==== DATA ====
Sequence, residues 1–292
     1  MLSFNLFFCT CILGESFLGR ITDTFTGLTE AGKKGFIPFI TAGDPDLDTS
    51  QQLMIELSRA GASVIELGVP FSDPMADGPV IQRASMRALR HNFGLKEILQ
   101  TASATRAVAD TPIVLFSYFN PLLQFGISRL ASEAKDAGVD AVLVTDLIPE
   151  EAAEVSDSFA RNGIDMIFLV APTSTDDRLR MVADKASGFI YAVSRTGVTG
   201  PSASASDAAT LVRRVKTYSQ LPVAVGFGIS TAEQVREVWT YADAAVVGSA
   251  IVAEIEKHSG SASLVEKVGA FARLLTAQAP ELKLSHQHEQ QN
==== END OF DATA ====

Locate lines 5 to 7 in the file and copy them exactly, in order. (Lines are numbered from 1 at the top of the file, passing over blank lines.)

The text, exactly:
   151  EAAEVSDSFA RNGIDMIFLV APTSTDDRLR MVADKASGFI YAVSRTGVTG
   201  PSASASDAAT LVRRVKTYSQ LPVAVGFGIS TAEQVREVWT YADAAVVGSA
   251  IVAEIEKHSG SASLVEKVGA FARLLTAQAP ELKLSHQHEQ QN